His boss, then Michael Howard, ordered him to travel to the city and apologise, which he did to mixed reviews.

He later had to apologise to the people of Papua New Guinea after linking the island state with "cannibalism and chief-killing".

And the sight of him besieged by photographers at last year's Tory conference after an outburst against telly chef Jamie Oliver livened up an otherwise deadly dull event.

Most recently, he was at it again, writing that Portsmouth was "a place that is arguably too full of drugs, obesity, underachievement and Labour MPs".

'Hello, cheeky'

Lembit probably first came to public attention as the man who kept banging on about the end of the world being nigh-ish, thanks to the inevitability of an meteorite strike.

That saw him the object of many jibes - until scientists said he was right.

He then became a fully paid up member of the Have I Got News For You circus, although Boris beat him to that one.

It won't be long before someone suggests Have I Got News For You, rather than Newsnight, hosts the big mayoral debate

And his relationship/engagement to weather girl Sian Lloyd - and her subsequent public attacks on his behaviour - won him plenty of newspaper inches.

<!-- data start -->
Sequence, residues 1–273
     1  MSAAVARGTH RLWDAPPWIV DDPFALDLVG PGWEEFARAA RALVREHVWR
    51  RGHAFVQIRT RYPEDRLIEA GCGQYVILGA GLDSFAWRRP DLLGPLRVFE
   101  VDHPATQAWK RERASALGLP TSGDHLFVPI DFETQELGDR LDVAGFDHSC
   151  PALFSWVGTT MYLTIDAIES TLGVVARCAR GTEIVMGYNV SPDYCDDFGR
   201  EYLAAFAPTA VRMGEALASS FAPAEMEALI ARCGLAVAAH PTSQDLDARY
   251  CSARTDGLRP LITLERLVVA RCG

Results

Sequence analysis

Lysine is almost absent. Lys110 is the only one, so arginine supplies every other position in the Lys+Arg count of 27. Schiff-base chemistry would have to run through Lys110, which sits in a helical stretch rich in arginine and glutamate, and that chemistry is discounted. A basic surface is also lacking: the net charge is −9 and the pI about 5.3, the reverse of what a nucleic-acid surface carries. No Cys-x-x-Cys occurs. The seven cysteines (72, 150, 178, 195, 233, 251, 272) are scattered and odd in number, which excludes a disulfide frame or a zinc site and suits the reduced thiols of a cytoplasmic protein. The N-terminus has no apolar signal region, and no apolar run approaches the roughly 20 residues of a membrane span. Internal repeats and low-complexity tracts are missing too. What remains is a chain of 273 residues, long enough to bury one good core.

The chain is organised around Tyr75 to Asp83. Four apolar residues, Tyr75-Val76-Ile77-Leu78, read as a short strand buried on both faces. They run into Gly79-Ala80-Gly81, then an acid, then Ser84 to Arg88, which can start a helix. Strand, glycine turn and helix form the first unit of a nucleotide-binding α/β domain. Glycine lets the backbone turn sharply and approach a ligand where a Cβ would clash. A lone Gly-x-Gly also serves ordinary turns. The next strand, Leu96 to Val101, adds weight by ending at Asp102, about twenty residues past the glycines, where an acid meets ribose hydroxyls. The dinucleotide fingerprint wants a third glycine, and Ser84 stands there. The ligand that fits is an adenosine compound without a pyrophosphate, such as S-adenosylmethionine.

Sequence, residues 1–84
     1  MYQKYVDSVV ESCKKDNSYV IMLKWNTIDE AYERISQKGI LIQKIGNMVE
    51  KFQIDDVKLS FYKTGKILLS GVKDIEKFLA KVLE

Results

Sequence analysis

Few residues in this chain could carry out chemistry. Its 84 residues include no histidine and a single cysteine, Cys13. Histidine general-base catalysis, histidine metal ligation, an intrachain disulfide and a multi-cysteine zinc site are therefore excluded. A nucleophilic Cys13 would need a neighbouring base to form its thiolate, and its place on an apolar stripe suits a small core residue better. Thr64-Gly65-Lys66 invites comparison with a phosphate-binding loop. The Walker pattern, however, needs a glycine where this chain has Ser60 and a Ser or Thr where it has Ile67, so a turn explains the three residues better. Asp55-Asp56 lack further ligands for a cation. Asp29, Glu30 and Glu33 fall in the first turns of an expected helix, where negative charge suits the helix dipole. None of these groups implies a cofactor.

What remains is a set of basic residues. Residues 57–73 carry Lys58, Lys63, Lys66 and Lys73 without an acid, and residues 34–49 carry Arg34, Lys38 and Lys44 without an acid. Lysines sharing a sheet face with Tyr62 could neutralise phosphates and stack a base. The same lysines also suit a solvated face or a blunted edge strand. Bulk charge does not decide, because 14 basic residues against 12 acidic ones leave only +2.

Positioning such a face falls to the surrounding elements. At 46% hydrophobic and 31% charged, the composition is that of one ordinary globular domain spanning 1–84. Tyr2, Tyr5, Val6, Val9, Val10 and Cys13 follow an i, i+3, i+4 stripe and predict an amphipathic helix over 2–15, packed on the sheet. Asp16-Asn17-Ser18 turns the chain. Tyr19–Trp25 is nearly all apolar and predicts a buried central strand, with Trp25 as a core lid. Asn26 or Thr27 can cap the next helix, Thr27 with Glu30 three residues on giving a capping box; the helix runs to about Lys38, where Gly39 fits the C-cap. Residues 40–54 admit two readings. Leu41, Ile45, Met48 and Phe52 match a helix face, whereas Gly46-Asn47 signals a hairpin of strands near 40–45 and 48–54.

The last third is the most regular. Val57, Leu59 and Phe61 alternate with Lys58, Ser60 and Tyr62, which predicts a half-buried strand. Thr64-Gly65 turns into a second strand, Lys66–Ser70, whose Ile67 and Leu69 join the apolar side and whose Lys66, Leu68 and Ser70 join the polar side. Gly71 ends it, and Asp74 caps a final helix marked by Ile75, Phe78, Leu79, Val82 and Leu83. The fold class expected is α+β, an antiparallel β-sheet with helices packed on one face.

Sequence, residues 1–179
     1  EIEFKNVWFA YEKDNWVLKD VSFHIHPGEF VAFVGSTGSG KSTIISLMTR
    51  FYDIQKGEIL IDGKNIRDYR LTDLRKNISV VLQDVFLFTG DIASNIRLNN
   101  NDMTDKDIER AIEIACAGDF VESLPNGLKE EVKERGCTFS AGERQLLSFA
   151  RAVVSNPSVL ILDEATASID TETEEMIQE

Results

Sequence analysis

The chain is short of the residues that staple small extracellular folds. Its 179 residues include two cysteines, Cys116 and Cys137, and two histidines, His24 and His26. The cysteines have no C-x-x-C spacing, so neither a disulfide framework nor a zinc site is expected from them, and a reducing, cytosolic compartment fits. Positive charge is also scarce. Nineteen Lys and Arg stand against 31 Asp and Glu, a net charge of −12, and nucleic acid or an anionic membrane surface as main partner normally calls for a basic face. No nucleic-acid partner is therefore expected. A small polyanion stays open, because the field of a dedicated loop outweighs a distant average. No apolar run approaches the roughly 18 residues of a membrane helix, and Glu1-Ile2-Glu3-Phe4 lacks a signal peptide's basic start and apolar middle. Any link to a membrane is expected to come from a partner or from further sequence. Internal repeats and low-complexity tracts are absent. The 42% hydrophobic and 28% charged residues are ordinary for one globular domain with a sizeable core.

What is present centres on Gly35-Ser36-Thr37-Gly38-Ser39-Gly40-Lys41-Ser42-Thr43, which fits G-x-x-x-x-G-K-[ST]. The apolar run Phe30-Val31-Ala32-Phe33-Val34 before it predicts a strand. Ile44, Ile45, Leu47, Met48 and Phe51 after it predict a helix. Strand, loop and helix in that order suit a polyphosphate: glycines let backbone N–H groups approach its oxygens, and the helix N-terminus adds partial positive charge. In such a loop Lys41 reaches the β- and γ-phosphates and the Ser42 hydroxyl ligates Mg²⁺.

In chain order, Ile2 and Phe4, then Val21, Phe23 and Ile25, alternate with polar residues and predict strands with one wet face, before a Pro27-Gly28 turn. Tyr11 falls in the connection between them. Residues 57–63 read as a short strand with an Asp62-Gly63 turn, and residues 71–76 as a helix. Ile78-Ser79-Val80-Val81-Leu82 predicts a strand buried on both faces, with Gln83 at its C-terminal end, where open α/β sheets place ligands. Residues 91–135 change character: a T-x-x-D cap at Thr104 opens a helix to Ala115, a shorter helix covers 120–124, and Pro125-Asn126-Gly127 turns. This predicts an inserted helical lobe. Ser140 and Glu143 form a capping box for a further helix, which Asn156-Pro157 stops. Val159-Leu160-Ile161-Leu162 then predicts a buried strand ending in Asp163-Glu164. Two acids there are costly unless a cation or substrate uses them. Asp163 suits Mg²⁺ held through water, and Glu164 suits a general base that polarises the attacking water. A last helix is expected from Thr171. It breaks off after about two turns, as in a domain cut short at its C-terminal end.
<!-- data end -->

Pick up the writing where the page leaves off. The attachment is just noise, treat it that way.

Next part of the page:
But all of this was overshadowed when it emerged he had started dating Gabriela Irimia - one of the Cheeky Girls pop duo who hit the chart tops with Cheeky Song (Touch My Bum).

The cry "hello cheeky" - amongst others -greeted him every time he entered the Commons chamber.

He is, however, also the Liberal Democrat frontbencher responsible for business.

Still, if he had decided to challenge Ken Livingstone, he would have been up against a man who has won two thumping victories and whose campaigning skills are legendary.

Tony Blair was wrong

Toppling him next time will be a huge challenge which will require more than just celebrity.

Mr Livingstone, a regular on chat shows himself before becoming mayor, has had his own controversies to contend with, however.

Two years ago he was accused of bringing his office into disrepute after he compared a Jewish reporter to a Nazi concentration camp guard.

He later won an appeal against the finding by the adjudication panel for England.

He only came to power in London after fighting off determined attempts by Labour - led by then prime minister Tony Blair - to stop him, including throwing him out of the party after he said he would stand against the official Labour candidate as an independent.

Mr Livingstone went on to win the election and Mr Blair later relented and admitted he had been wrong.

The stage was set for three of the best known political mavericks to go head-to-head. But it now seems that Lembit has decided it is not a contest he wants to run in.

Which will be a blow to those who were hoping to see a mayoral race staged in the style of to a long-running episode of Have I Got News For You.

Lib Dem Opik 'may run for mayor'
01 Aug 07 |  UK Politics
Johnson on Tory mayor shortlist
21 Jul 07 |  UK Politics
Can Boris take on Ken?
16 Jul 07 |  UK Politics